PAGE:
1 Then the LORD answered Job out of the whirlwind: … 8 “Or who shut in the sea with doors, when it burst forth from the womb; 9 when I made clouds its garment, and thick darkness its swaddling band, 10 and prescribed bounds for it, and set bars and doors, 11 and said, ‘Thus far shall you come, and no farther, and here shall your proud waves be stayed’?” 

  1. The Lord addressed Job out of the storm.” Does God address you in the stormy times of your life? How? Do you progress, regress or just hang on for dear life during stormy times?

First Reading — Wisdom 1:13-15; 2:23-24 

13 Because God did not make death, and he does not delight in the death of the living. 14 For he created all things that they might exist, and the generative forces of the world are wholesome, and there is no destructive poison in them; and the dominion of Hades is not on earth. 15 For righteousness is immortal … 23 for God created man for incorruption, and made him in the image of his own eternity, 24 but through the devil’s envy death entered the world, and those who belong to his party experience it.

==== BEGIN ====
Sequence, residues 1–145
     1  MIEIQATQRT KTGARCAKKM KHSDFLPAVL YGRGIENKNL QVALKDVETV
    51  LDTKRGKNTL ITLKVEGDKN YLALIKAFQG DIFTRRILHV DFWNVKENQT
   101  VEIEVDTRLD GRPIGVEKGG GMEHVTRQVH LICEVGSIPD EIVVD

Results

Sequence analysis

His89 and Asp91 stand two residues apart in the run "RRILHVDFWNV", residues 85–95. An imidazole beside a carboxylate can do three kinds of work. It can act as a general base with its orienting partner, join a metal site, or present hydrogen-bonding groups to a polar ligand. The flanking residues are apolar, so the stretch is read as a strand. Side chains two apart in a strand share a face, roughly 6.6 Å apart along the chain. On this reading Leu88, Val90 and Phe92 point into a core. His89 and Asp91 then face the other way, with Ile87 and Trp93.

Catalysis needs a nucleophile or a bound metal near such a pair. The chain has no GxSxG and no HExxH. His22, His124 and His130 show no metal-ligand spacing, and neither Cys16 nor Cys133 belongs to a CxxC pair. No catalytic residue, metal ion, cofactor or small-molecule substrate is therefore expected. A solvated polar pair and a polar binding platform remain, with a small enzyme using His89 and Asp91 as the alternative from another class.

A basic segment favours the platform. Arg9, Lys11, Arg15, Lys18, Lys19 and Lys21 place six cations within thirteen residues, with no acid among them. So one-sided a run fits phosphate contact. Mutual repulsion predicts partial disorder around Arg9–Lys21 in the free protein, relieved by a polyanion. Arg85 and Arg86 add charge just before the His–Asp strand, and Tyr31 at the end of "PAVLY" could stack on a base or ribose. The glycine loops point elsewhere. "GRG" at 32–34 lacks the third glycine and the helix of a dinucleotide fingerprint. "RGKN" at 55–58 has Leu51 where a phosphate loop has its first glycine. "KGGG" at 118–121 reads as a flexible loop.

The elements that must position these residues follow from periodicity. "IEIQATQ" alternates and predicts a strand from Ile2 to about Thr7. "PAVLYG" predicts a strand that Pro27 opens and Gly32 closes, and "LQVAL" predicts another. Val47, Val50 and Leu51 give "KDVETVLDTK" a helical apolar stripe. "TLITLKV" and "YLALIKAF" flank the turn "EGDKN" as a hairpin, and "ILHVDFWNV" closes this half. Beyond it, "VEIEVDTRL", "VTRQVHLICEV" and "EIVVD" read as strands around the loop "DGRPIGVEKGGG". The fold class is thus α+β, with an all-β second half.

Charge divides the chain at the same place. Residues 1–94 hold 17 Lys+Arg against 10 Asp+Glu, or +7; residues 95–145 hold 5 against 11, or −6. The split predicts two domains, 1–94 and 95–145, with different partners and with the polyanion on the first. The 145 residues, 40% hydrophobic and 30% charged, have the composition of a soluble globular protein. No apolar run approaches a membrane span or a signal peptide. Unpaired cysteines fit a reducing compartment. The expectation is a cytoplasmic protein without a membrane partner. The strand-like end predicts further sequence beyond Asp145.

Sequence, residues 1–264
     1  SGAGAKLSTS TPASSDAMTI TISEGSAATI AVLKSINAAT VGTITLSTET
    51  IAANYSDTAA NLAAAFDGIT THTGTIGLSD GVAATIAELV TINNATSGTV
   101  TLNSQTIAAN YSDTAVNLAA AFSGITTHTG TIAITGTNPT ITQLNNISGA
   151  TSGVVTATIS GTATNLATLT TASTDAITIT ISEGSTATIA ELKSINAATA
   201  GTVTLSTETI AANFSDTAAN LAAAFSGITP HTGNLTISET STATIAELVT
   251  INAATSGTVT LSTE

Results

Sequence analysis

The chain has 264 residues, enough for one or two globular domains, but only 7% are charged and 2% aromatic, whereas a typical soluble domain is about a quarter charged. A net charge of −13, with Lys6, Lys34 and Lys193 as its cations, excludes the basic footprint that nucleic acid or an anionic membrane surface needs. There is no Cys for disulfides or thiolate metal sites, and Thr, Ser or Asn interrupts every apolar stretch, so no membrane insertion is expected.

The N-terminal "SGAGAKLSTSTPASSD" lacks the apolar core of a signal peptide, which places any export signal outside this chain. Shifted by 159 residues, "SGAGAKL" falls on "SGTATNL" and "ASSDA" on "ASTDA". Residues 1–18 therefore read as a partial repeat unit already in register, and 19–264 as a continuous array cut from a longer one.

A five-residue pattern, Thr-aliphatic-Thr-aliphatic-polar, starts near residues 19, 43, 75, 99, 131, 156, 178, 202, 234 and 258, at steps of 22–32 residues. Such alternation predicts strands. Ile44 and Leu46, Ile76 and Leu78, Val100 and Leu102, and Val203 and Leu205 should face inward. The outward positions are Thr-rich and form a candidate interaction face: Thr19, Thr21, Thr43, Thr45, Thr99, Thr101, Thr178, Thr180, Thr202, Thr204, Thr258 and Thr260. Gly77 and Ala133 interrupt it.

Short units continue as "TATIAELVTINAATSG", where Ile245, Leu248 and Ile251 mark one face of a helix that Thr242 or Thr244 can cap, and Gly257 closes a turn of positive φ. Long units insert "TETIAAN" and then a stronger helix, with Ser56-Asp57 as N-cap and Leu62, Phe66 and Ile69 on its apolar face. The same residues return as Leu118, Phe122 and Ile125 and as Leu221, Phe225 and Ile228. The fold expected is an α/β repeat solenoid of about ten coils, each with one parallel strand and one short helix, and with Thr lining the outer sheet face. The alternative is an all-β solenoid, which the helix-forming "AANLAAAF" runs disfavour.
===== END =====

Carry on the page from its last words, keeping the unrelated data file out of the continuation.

1. What do you conclude when bad things happen to good people? 

2. What does the statement “God created man for incorruption” tell you about God and his will for us?

Second Reading — 2 Corinthians 8:7, 9, 13-15 

7 Now as you excel in everything—in faith, in utterance, in knowledge, in all earnestness, and in your love for us— see that you excel in this gracious work also …9 For you know the grace of our Lord Jesus Christ, that though he was rich, yet for your sake he became poor, so that by his poverty you might become rich. … 13 I do not mean that others should be eased and you burdened, 14 but that as a matter of equality your abundance at the present time should supply their want, so that their abundance may supply your want, that there may be equality. 15 As it is written, “He who gathered much had nothing over, and he who gathered little had no lack.”